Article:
In the morning I make my way to the city of Nukus, which feels more than ever (on my fourth visit) to be at the edge of the world. There is no fuel for sale, no ATMs, the city’s only internet cafe is closed, the tap water is undrinkable, and I fail even to find a place to eat anything more than limp, warm, fried matter. It’s this extreme isolation however which gives Nukus its character, as capital of the once fertile, but now desperate Karakalpakstan Republic, which feels the full effect of the Aral Sea Disaster. It was here that artist Igor Savitsky managed to secrete an astounding collection of paintings from zealous Soviet censors, and the modern Savitsky Museum is an astounding collection of non-conformist twentieth century Russian realism and impressionism which has been preserved in this far flung outpost of a city.
I leave Nukus in the afternoon, passing through an increasingly desolate landscape of dying irrigation canals and salinified fields, until I reach the twenty-five metre high cliffs of the Ustyurt Plateau; a stony, desert wasteland which stretches to the Caspian Sea. Here I break my journey, camping next to the Davit-Ota Necropolis on the edge of the plateau, spending another warm night under the stars in a starkly beautiful and rueful environment. From here it’s a three hundred kilometre drive following railway tracks to the border post, passing utter desolation, at most times with nothing whatsoever to catch the eye. Occasional, impossibly isolated, sun-beaten, fly-blown settlements loom on the horizon to the left; small railway staging-posts of oblivion, where life must be near unbearable. Around one hundred kilometres short of the border a camel which has been killed by a truck lies sprawled at the roadside, where in the 45º C midday heat its poor owners are scooping its insides out in a swarm of dust and flies. Karakalpakstan is certainly one of the most desperate and stricken regions of Eurasia which I have seen.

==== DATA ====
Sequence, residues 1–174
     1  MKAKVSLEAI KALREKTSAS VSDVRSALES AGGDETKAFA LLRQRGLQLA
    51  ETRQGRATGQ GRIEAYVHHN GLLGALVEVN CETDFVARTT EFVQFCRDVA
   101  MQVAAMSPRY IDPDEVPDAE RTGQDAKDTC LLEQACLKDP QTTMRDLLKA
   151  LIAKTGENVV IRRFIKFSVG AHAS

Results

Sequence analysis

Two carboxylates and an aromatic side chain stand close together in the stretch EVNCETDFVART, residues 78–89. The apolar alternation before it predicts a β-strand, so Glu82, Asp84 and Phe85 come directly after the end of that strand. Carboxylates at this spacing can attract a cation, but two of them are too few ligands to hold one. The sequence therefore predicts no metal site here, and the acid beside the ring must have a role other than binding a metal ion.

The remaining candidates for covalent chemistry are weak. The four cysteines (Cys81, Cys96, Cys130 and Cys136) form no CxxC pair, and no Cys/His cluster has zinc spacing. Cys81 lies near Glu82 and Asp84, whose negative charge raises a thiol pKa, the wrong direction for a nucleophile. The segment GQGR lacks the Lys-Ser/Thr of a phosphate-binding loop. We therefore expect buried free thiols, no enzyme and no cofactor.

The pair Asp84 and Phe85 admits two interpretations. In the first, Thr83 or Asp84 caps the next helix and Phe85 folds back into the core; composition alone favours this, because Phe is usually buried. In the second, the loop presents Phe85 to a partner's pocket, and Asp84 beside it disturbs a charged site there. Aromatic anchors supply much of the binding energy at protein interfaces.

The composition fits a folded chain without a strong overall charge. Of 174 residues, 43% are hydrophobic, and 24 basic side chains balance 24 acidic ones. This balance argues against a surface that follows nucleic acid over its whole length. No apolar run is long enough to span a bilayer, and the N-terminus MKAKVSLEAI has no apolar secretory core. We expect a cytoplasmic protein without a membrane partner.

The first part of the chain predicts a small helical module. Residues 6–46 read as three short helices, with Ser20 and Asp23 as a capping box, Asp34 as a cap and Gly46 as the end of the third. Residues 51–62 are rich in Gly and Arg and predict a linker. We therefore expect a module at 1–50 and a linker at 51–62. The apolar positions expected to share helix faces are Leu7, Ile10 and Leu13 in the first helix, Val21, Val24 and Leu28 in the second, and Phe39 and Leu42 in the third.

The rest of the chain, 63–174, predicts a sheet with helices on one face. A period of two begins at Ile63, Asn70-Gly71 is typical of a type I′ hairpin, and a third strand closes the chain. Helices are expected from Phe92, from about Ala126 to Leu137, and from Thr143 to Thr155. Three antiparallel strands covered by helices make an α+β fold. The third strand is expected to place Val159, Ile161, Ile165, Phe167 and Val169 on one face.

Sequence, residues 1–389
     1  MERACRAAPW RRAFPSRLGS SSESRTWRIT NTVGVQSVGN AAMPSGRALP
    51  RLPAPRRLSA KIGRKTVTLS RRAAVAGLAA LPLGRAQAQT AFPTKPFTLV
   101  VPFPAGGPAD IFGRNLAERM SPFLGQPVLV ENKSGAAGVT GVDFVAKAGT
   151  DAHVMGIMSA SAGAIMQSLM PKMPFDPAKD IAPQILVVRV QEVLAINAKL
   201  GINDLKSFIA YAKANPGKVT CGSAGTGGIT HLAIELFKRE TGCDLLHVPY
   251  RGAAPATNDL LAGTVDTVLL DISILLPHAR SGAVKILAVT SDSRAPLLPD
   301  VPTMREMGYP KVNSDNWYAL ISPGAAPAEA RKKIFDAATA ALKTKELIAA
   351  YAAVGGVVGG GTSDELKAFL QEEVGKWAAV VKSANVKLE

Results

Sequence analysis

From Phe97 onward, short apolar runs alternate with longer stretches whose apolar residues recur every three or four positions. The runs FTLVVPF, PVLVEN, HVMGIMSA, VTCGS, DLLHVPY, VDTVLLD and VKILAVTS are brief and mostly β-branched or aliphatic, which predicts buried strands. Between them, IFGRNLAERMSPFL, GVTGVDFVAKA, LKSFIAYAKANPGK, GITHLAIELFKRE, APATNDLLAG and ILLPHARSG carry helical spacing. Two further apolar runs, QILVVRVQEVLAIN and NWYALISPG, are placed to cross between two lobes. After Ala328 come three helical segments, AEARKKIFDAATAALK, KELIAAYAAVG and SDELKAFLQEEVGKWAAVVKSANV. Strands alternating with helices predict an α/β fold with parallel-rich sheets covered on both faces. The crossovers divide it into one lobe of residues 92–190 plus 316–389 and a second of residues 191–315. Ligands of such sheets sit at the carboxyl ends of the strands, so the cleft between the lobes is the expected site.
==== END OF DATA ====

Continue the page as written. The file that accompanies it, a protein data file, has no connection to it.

I have an arduous three-hour wait at the border crossing which is shadeless and plagued by flies and dust-storms, though when I am waved through in the late afternoon I am conscious that the crowds of friendly Uzbek migrant workers on their way to Russia have been waiting far longer than I have. On the Kazakhstani side the road is an appalling washboard, but in the first town of Beyneu I am re-acquainted with the delights of civilisation; a well-stocked supermarket, a simple restaurant and an ATM. I leave Beyneu well after dark, deciding in view of the terrible heat and some noises from the truck’s front axle against heading south towards Aktau and the pilgrimage sites of the Ustyurt Plateau (which I would visit in 2014) and heading instead north towards Atyrau, camping next to the railway tracks and reaching the unlovable city of Atyrau late the following morning. I spend five comfortable days with Akmaral in Atyrau, contemplating my return to Europe. My plan is to drive to Ukraine; however I have no visa for Russia, and after being unable to obtain a visa in either Bishkek or Tashkent, I have only one last chance at the consulate in Oral, five hundred kilometres to the north, close to the Russian border.
Whilst in Atyrau I meet a group of Slovakians who have been robbed at gunpoint during daylight hours in the middle of the city, and James, an American cyclist who is also staying with Akmaral is knocked off his bicycle in a hit-and-run accident by a local driver. This seals my impression of Atyrau as perhaps the most unpleasant city I have visited on the entire trip, and I am glad to leave, heading north parallel to the Ural River across featureless steppe, which fades gently from semi-desert to sub-Siberian rangeland as I approach Oral. If I cannot obtain a Russian visa here, then I will need to make a very long detour through Turkmenistan, Iran and Turkey in order to reach Europe, and will need to double back to Almaty immediately to start obtaining visas. It is to my great relief then that I am able to get a ten day transit visa same-day, and in the late afternoon I am driving north-east, crossing the border on the Ural River at midnight and heading towards Orenburg.
And so concluded my 2011 journey through Central Asia, which had shown me so many more parts of Kazakhstan and Tajikistan, and some new places in Kyrgyzstan and Uzbekistan; meaning now that I had seen almost every part of Central Asia. This region, still relatively recently opened up to the outside world, with an alluring mixture of magnificent history, crumbling, atmospheric monuments, gorgeous scenery and welcoming people roughly book-ended the beginning and the end of the initial four-and-a-half year section of the Odyssey, and remains perhaps my favourite region of the world. Ahead of me now was the final drive back through Russia, Ukraine and Moldova, to finally return to the UK at the end of the year, after fifty-five months away.